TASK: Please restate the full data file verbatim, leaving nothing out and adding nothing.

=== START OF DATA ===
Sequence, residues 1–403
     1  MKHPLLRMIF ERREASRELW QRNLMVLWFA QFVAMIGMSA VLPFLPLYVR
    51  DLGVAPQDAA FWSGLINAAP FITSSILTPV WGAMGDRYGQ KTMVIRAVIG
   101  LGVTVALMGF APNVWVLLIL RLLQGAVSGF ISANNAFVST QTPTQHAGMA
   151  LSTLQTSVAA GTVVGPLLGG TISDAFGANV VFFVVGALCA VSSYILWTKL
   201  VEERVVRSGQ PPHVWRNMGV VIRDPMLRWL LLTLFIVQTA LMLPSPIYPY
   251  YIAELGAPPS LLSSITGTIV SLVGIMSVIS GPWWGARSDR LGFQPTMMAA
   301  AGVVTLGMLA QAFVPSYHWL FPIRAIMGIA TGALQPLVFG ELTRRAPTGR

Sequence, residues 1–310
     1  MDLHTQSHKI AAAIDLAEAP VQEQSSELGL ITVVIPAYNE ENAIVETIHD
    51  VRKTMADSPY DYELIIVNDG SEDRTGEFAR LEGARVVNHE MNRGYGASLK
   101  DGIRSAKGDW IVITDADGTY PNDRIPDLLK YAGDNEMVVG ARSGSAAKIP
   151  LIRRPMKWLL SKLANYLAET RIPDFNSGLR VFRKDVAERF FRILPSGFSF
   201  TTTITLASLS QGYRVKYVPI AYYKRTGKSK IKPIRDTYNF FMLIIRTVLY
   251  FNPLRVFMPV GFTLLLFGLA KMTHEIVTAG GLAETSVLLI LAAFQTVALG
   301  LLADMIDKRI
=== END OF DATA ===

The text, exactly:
Sequence, residues 1–403
     1  MKHPLLRMIF ERREASRELW QRNLMVLWFA QFVAMIGMSA VLPFLPLYVR
    51  DLGVAPQDAA FWSGLINAAP FITSSILTPV WGAMGDRYGQ KTMVIRAVIG
   101  LGVTVALMGF APNVWVLLIL RLLQGAVSGF ISANNAFVST QTPTQHAGMA
   151  LSTLQTSVAA GTVVGPLLGG TISDAFGANV VFFVVGALCA VSSYILWTKL
   201  VEERVVRSGQ PPHVWRNMGV VIRDPMLRWL LLTLFIVQTA LMLPSPIYPY
   251  YIAELGAPPS LLSSITGTIV SLVGIMSVIS GPWWGARSDR LGFQPTMMAA
   301  AGVVTLGMLA QAFVPSYHWL FPIRAIMGIA TGALQPLVFG ELTRRAPTGR

Sequence, residues 1–310
     1  MDLHTQSHKI AAAIDLAEAP VQEQSSELGL ITVVIPAYNE ENAIVETIHD
    51  VRKTMADSPY DYELIIVNDG SEDRTGEFAR LEGARVVNHE MNRGYGASLK
   101  DGIRSAKGDW IVITDADGTY PNDRIPDLLK YAGDNEMVVG ARSGSAAKIP
   151  LIRRPMKWLL SKLANYLAET RIPDFNSGLR VFRKDVAERF FRILPSGFSF
   201  TTTITLASLS QGYRVKYVPI AYYKRTGKSK IKPIRDTYNF FMLIIRTVLY
   251  FNPLRVFMPV GFTLLLFGLA KMTHEIVTAG GLAETSVLLI LAAFQTVALG
   301  LLADMIDKRI